Before the racing meets began, Calder announced that it was putting into effect a restrictive access policy which would forbid horses stabled at Calder to re-enter the grounds if they left to compete across town at Gulfstream. Calder made yet another unpopular move when officials announced that effective August 30 there would be a 12% reduction in overnight purses. Calder Vice President and General Manager of Racing John Marshall said the cuts were triggered by loss in revenue, due partly to the fact that its rival also serves as a host facility for in-state simulcast wagering.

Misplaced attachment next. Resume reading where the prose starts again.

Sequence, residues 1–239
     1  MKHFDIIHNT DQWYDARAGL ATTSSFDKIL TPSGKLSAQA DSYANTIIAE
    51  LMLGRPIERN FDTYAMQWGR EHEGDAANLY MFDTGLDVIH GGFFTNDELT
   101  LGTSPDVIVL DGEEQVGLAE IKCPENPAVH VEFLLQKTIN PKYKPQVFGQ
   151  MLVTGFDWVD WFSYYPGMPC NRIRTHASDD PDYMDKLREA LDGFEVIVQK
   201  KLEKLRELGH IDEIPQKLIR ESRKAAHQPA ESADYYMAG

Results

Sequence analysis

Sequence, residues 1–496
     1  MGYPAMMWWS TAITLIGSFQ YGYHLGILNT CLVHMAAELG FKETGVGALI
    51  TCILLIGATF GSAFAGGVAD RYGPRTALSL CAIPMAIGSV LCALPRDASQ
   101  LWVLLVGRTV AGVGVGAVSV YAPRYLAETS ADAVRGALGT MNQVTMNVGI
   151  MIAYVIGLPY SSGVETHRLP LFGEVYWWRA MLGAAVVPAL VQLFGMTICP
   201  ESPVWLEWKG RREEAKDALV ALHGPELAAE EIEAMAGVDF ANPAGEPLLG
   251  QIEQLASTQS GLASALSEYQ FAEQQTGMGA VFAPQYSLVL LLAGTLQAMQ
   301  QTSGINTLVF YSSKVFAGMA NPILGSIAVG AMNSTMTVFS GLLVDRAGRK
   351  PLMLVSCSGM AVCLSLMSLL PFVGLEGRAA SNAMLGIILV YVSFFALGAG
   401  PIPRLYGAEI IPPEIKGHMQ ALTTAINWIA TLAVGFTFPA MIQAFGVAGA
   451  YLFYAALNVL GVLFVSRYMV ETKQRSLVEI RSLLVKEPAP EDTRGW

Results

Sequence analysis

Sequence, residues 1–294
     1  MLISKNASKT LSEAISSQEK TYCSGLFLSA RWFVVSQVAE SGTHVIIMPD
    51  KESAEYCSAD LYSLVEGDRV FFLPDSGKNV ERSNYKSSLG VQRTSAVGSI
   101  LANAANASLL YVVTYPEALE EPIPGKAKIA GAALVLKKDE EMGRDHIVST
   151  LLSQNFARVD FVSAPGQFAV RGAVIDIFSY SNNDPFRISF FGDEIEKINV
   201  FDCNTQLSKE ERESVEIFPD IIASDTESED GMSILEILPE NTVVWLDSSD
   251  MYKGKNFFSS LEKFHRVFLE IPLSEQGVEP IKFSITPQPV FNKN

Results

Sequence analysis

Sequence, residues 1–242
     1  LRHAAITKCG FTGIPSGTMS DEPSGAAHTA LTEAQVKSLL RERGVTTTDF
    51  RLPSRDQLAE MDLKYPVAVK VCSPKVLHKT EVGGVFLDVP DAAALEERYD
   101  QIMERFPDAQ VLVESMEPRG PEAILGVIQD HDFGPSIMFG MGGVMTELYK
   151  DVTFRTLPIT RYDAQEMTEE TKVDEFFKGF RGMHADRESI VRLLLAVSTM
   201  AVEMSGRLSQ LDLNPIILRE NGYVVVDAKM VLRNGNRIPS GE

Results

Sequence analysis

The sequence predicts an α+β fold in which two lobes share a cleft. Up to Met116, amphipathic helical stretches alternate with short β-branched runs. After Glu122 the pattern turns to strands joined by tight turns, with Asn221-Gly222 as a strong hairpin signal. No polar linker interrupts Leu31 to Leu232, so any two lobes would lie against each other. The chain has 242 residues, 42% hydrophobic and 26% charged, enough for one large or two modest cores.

Be that as it may, Calder is not doing itself any favors by enacting unpopular policies that will ultimately drive both horsemen and racing fans away. It really doesn't come as a surprise that the Churchill Downs Inc. owned Calder Race Course is making unpopular decisions given the response to several decisions on CDI's part in relation to the Kentucky Derby and new points system. To further aggravate the situation, for every unpopular move Calder makes, Gulfstream counters with popular moves. For its June 25 card, the last racing date of the 2012-2013 Championship meet, Gulfstream Park President Tim Ritvo increased the purse of each race by $4,000 and awarded each starter, regardless of placement, $1,000 just for running. Palm Meadows was reopened and $500 bonuses were implemented to offset trainer costs. The $500 bonus went into effect July 13, but in order to receive the bonus, the trainer must both enter and run their horse and their horse must be stabled at Gulfstream at the time of entry. The bonus is not a purse increase but a way to offset the rising costs of workers’ compensation insurance, shavings, feed and other expenses.